The tree that thought it was a fern loved to hug people. Even people who were not, by nature, tree huggers would be captivated by the perfect and innocent beauty of being embraced by the tree. When the tree hugged you, you felt all the worrisome parts of your life falling away onto the ground of the forest. You could just stand there and breathe in the fresh air the tree was making out of your breath, and be like a child with a towering parent’s arms around you. When you inevitably left the tree, you would have to pick those troublesome bits of your life back up, because one should never litter in a forest, but for a little while, at least, they would be forgotten. There was no shame in hugging the tree, but I don’t think many people knew about it, since no one else ever hugged the tree in my dream, and no one cried as I did when the tree was gone.
In fact, I’m not even sure how I knew the tree loved to hug people, or how I knew it had the capacity to induce tree-hugging behavior, even in people who don’t go in for that sort of thing in the least. It’s even possible I was the only one who knew about the tree, that my wife and my children were oblivious to the tree’s existence, but I’m positive, completely and absolutely so, that the tree was not at all particular about hugging me, and in fact would have been equally thrilled to hug anyone who came within reach of its big branches.
I would sometimes sit under the tree that thought it was a fern on hot, humid days (like today, for instance), and the shade was always incomprehensibly cooler than other trees’ shade. Plus, when you sat below the tree, every once in a while its leafy lower branches would slowly descend on you like green lace filigree, so it could give you a little blanketing hug even if you weren’t standing up. If you were trying to read a book or take a nap, for instance, this might sometimes get in the way, but it wasn’t nearly annoying, certainly not enough to make you want to find another tree to sit under.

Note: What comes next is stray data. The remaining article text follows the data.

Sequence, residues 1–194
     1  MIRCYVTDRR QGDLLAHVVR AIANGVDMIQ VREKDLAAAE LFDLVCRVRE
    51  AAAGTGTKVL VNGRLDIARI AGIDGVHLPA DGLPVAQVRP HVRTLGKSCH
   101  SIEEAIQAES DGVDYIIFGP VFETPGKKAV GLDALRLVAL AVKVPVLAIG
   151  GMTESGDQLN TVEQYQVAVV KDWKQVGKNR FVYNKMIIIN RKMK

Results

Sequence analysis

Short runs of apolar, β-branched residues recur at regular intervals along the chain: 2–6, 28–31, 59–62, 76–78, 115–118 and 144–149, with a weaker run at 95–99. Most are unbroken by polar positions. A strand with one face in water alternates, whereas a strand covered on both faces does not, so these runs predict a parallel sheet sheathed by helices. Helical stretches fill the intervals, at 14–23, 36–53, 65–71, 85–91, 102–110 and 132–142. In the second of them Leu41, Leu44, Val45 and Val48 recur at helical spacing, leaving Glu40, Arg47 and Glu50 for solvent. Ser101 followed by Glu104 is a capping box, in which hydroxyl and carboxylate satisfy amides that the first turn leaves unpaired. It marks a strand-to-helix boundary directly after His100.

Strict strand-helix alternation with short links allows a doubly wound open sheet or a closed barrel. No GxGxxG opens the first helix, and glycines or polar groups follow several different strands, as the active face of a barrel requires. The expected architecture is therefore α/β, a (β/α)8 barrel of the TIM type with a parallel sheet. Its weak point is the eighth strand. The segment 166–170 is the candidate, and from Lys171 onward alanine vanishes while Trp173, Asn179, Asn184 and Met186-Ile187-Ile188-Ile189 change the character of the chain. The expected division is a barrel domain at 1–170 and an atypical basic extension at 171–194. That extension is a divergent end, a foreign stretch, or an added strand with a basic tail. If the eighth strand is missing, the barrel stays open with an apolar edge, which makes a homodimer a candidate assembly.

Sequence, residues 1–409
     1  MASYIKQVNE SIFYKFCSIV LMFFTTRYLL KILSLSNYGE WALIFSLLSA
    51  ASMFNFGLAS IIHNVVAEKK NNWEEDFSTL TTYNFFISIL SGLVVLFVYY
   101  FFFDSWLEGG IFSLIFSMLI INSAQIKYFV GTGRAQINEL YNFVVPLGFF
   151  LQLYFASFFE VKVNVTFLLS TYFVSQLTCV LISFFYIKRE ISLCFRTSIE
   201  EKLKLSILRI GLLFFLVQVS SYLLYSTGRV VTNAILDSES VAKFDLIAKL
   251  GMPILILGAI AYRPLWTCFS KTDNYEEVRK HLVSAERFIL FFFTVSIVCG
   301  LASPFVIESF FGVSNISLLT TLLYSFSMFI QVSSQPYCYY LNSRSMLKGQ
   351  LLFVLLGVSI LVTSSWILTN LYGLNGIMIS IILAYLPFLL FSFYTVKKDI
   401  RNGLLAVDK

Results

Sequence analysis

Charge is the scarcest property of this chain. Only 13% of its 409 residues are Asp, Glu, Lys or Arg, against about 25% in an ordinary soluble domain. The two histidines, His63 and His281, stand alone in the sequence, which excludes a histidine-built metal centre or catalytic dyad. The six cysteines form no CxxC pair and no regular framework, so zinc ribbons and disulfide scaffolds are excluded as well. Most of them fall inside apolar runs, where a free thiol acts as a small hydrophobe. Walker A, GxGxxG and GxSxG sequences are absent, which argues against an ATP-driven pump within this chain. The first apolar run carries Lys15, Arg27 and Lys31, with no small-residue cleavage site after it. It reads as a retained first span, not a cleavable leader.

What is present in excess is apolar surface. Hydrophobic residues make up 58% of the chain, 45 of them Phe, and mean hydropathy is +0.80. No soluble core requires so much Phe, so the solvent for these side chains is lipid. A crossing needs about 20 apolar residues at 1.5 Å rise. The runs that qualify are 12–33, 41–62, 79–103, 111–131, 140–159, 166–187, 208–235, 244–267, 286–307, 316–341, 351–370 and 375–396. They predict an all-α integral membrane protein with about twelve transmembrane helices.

So the time came that we, my family and I, were moving, leaving the house with its big forest, and moving to a house that was better, maybe bigger, more expensive, and more conducive to our lifestyle. We had wooded land where we were moving, maybe even more acreage, I’m not sure. But how could I bear to leave the tree behind? I wanted to transplant the tree so that it would be nearby our new house. As my children grew up, they would grow up with our remarkable tree, and come to love it as I did, and as my wife and I grew older we could go sit under it and read, or talk. Of course, we might have to bring folding lawn chairs, since it would be a lot harder to get off the ground otherwise, assuming we could even get down on the ground to begin with.
Dreams don’t really move in precise, regular, organized time. They jump and start, like film that speeds up and slows down in jerks, to keep the audience from having to sit through the boring part of the hero getting from point A to point B, and instead showing more about what happens once the hero gets to point B and starts blowing stuff up. So the next thing in my dream was that we had moved into the new house. All of the boxing up of things, the stacking of boxes in a big moving van and their subsequent unloading into the new house, the familiarization of children with their new rooms, the unpacking of dishes so we could eat: all of that was already done. But I still needed to go find the tree that thought it was a fern. I had hired an arborist to move the tree, but I wasn’t quite sure where he had said he would put it.
I started looking for the hugging tree near the house at first, and couldn’t find it around the perimeter of the woods, but I realized that I had told the arborist to put it in the forest, just not too far back, so in the event of a sudden rainstorm, I could still run back to the house without getting soaked. I took the most likely path into the forest and continued looking for the tree. It was a well worn footpath, and wound through a good portion of one side of the forest. I thought the arborist would have possibly been able to get a truck and trailer down that path, and even though I couldn’t see any tire tracks, it’s possible that wind or rain simply did away with the tracks.
I went down the path, leaning this way and that in a crazy zigzag route, waiting for one of the trees to move, to bend toward me offering a leafy embrace. None of the trees moved, except in their normal swaying fashion with whatever breezes blew through the forest. I gradually moved further and further off the path, and my searching became more and more frantic.